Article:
On August 17 we were two of about 100 people who attended the Hot Topics Forum on Zika that was sponsored by our excellent local newspaper the Herald-Tribune.
Rather than summarize the points made (check out reporter Maggie Clark’s August 18 article at http://www.heraldtribune.com), we offer here our reactions to and thoughts about what we heard—and didn’t hear.
Sasha: This is such a difficult issue to present, especially for a city that counts on tourism. On the one hand, panelists encouraged public awareness and taking steps to avoid Zika transmission whether by mosquito or sexual transmission. There was also support for additional research but also concern that the US Congress did not allocate the $1.9 billion asked for by the CDC. Don’t panic was the general message. On the other hand, the risk to pregnant women of giving birth to a baby with microcephaly, little knowledge about the neurological damage that might not show in the infected for years, no crystal ball for how this will play out and whether it will eventually spread, and with the probability that the lack of funding will delay the development of a vaccine, we should be very concerned indeed.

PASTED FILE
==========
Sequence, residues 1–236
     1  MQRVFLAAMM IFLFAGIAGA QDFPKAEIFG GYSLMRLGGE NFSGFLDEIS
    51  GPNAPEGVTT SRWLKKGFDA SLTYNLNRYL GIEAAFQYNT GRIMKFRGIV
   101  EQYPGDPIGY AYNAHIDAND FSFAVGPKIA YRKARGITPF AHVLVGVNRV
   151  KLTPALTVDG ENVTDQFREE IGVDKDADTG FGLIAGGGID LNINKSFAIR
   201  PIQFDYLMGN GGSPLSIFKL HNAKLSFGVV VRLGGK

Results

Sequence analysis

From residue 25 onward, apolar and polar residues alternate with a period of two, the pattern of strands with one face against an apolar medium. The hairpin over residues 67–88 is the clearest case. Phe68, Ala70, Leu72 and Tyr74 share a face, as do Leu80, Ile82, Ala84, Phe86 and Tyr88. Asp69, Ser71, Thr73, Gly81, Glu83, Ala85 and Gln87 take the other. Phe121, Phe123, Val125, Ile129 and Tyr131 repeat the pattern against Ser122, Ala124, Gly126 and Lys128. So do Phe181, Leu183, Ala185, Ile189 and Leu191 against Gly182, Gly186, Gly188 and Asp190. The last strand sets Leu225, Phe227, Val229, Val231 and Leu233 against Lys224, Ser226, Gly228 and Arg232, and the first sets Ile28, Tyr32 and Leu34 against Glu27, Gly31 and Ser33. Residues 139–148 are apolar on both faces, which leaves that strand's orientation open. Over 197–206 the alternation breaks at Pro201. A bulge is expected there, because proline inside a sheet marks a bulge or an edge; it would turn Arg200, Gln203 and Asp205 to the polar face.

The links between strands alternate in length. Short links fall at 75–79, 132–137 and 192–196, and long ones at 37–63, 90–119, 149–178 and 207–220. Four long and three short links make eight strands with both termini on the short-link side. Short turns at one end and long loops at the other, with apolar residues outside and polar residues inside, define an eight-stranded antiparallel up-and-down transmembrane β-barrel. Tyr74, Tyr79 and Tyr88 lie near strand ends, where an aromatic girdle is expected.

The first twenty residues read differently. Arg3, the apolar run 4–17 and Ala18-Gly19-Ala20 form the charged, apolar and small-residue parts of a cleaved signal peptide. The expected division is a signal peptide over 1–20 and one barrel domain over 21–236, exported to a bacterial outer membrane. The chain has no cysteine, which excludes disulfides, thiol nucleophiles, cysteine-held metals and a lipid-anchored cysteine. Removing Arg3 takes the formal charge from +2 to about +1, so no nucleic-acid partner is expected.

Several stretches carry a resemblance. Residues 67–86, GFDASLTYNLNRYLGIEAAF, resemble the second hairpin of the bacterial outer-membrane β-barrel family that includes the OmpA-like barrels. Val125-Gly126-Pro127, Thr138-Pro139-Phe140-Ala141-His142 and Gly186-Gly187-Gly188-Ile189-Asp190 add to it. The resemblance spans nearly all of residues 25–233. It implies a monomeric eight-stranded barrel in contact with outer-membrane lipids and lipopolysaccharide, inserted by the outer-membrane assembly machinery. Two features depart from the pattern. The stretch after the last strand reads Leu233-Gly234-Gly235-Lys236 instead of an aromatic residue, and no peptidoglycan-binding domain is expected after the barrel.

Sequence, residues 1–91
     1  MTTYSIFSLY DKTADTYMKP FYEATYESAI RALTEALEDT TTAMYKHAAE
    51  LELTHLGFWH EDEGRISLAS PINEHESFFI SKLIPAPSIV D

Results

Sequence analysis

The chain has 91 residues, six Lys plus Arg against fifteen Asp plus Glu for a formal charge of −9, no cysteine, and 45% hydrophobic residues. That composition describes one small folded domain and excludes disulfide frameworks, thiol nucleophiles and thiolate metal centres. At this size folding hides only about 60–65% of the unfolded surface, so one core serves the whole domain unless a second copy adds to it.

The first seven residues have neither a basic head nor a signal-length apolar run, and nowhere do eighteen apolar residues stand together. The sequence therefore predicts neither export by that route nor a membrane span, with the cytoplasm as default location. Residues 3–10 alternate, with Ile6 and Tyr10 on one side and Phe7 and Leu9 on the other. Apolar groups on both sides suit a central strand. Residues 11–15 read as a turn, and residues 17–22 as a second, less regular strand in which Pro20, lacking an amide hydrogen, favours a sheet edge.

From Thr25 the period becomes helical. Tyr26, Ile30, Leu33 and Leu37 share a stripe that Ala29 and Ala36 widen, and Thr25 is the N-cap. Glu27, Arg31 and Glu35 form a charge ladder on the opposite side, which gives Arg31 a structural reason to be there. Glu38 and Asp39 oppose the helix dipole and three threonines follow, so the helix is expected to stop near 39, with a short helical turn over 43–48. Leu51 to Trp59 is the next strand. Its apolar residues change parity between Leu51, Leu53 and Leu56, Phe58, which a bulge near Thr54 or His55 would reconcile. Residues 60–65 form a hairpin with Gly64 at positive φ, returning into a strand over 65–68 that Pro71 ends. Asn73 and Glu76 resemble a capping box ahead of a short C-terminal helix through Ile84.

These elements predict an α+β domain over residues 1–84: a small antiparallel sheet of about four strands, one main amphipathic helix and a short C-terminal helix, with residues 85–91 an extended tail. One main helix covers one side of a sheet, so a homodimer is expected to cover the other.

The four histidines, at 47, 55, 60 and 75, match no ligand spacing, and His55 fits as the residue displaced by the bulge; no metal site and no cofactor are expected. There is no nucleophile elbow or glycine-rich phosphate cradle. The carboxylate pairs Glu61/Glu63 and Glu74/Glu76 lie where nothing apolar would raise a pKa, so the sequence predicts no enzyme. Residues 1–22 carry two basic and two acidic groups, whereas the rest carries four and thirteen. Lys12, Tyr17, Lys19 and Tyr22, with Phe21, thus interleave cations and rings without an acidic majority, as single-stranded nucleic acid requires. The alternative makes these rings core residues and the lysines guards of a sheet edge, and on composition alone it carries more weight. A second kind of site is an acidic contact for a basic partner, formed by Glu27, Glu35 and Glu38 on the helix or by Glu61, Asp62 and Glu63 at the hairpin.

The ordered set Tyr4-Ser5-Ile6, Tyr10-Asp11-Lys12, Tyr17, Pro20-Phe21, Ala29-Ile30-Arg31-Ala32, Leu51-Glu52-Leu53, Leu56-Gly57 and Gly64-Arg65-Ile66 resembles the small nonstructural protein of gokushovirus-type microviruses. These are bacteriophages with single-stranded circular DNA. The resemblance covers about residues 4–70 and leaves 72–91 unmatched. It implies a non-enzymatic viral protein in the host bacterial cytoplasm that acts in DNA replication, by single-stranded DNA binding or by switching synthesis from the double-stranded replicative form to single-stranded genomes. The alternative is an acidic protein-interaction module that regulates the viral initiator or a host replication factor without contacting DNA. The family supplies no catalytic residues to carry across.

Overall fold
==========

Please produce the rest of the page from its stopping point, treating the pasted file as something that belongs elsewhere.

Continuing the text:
Jack: The potential impact of the virus spreading when people leave the Olympics and return home was mentioned, but one huge omission was Puerto Rico (a commonwealth of the US whose residents are US citizens). Given that, it should be of concern that over 11,000 American citizens living there have Zika, the territory is bankrupt, and the US is ignoring them. If we said that 11,000 people were infected in Florida, believe me, the Congress would act. It is being projected that Puerto Rico may have as many as 800,000 cases by the end of the year.
Sasha: I learned a lot from the panelists, mostly because they brought together points that were on the periphery for me. For example:
I knew that mosquitoes could infect humans; but I had missed that once-infected, humans could pass on the virus to other mosquitoes who would then pass it on to other humans, and so on. In addition, the type of mosquito that carries Zika likes to bite several hosts rather than feed on one. Eeek.
I knew that Zika could be sexually transmitted, but who knew that although women carried the virus for perhaps as many as 8 weeks, that men could carry it in their semen for up to six months. [Question: How on earth, then, can we be sure that the virus can be contained within Miami’s zone of infection without also “containing” sexually active men? Wow. This would be a new twist on reproductive and sexual freedom, no?]
Dr. Vilma Vega introduced the issue of whether Guillain-Barre syndrome, which harms the nervous system, could be linked to those who had Zika years earlier. So rather than experiencing short-term flu-like symptoms and being done with it, Zika could pose a much greater danger for all those infected. Continue reading “The Salt Life: The Herald-Tribune’s Zika Forum (by Jack & Sasha)”